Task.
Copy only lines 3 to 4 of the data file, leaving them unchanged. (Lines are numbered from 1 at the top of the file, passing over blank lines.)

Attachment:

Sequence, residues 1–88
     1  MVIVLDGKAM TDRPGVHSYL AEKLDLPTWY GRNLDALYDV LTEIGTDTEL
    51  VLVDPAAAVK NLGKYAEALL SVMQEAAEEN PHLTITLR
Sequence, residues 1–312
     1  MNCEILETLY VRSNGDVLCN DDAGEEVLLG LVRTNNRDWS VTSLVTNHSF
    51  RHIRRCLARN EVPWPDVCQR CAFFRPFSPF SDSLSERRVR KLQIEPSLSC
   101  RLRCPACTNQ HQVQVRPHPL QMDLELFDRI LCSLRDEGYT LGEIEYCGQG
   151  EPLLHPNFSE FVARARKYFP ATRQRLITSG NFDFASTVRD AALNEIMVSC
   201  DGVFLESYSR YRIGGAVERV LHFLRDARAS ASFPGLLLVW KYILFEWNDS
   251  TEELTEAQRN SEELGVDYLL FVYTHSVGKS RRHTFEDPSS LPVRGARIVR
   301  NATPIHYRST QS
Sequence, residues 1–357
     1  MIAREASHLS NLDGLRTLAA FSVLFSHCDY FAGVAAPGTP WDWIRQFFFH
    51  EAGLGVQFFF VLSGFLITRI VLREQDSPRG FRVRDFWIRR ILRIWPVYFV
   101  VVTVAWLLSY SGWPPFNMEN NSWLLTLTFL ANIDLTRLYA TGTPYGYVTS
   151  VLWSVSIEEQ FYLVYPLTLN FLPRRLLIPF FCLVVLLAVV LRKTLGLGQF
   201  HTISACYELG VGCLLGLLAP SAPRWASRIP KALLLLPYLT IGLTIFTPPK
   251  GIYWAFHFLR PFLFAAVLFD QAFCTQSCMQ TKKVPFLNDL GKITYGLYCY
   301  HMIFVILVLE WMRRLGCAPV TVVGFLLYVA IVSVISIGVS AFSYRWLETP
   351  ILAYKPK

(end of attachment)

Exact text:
    51  VLVDPAAAVK NLGKYAEALL SVMQEAAEEN PHLTITLR
Sequence, residues 1–312